What you need to know
Parents who are unable to secure 'education permits' for their children have been forced to leave Beijing.
Since 2010, the Beijing municipal government has been strengthening the city’s household registration policy due to an excessive population. This has made it increasingly difficult for “Beijing drifters” — Chinese citizens living in Beijing without household registration in the city — to become official residents of the capital.
When Beijing’s population surpassed 20 million in 2010, the municipal government started adopting stricter household registration policies to control its population. By the end of 2013, more than 21 million people were residing in Beijing, and in 2015, Beijing officials announced they would cap the city’s population at 23 million by 2020.
In addition to strengthening household registration policies, amending existing regulations for enrolment in elementary school is another strategy the Beijing government has adopted to deal with its excessive population.
Before 2002, children aged six to 15 years old could not enroll in school if their parents did not have household registration in Beijing. Therefore in 2002, the municipal government launched a policy requiring Beijing drifters to turn in certificates to obtain “education permits” for their children.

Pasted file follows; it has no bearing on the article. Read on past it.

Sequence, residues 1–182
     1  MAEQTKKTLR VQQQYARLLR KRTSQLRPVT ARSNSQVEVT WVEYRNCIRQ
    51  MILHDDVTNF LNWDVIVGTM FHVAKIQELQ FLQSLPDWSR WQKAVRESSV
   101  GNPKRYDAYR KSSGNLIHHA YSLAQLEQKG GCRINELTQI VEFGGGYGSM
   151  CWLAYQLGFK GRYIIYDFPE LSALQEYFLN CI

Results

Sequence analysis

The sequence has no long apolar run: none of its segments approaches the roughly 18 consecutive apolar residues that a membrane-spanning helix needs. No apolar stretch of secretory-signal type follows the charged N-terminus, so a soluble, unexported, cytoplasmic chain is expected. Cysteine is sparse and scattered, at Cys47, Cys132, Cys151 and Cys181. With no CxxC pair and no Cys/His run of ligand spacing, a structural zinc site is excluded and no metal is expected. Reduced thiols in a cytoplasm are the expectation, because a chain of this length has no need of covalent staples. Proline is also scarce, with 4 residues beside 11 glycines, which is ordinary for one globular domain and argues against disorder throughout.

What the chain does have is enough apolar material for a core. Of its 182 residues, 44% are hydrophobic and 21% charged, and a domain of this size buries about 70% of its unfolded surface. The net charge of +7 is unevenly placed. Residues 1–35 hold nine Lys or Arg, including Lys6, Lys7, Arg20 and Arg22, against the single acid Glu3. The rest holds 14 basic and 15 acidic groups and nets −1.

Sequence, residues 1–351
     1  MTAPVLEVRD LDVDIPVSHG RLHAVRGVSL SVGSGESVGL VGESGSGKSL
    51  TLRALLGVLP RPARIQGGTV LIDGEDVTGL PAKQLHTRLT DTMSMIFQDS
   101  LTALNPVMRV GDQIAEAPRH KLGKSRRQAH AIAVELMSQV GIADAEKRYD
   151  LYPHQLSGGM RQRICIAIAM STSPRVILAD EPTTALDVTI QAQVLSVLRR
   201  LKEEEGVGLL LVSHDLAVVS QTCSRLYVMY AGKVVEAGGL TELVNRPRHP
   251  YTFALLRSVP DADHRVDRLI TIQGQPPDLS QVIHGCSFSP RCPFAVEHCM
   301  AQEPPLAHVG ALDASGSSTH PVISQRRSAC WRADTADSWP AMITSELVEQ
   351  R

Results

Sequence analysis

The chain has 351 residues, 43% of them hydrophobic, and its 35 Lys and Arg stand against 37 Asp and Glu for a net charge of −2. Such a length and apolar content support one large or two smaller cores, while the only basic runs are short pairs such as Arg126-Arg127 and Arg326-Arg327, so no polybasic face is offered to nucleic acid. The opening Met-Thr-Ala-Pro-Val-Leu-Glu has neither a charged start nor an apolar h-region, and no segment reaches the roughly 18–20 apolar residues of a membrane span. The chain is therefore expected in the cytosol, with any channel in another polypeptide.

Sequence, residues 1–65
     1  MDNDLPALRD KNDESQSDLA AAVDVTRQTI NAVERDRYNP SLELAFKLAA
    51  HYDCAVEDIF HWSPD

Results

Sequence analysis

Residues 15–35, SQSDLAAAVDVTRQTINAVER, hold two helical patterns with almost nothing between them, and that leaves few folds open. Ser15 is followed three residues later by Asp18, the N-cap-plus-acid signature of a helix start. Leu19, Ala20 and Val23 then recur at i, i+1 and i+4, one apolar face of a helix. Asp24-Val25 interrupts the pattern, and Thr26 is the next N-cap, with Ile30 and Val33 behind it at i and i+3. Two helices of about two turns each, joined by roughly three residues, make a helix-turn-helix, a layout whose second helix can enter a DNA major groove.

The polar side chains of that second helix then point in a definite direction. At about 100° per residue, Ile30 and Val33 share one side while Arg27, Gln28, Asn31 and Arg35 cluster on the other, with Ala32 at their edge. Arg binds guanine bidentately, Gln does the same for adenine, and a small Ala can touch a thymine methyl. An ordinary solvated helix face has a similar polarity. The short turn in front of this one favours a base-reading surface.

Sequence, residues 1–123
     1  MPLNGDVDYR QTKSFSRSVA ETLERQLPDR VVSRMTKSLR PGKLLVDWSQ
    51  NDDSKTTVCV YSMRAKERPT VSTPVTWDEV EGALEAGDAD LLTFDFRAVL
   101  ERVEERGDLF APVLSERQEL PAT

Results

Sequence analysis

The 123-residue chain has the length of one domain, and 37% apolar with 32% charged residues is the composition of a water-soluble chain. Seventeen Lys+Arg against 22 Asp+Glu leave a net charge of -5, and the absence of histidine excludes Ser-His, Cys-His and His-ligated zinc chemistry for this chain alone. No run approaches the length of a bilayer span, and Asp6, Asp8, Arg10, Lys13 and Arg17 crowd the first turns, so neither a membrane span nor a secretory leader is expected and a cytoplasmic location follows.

Certificates required back then included temporary resident permits, proof of identification, and verification from Beijing authorities that proved the children did not have legal guardians in the cities in which they were registered citizens.
While the regulation was originally meant to benefit the drifters, the Beijing government has been requesting different certificates to be handed each year as a means to control the population. The threshold to obtain each certificate is also lifted every year. Drifters unable to secure “education permits” for their children have been forced to leave the city due to their children not able to receive an education.
“Education permits” that were legal in the past might also become invalid due to amendments made to the policy that entail higher thresholds or require different certificates handed in. The government has closed down schools permanently to re-check permits and denied entry to those unable to show a valid permit.
Last September, nearly 500 students enrolled in Yuxing Elementary School in Beijing went to school to find that it was no longer open. According to Beijing officials, the school was closed due to “building security issues,” and only students whose families could provide them with a valid “education permit” could enroll in other public schools.
Liu Yuanjhu (劉遠舉), researcher at the Shanghai Institute of Finance and Law, says in a Financial Times article that “closing down schools and lifting the threshold for enrollment appear to be administrative orders on the surface, however it is obvious that the government is exercising its power by implementing these strict policies to cut down the population in Beijing.”
In 2010, an NGO was formed by a group of parents and activists to fight against the unfair education policy in Beijing. But the activists are facing difficulties, with lawyer Xu Zhiyong (許志永) sentenced four years in jail for "disturbing public order" in 2014.
First Editor: Olivia Yang
Second Editor: J. Michael Cole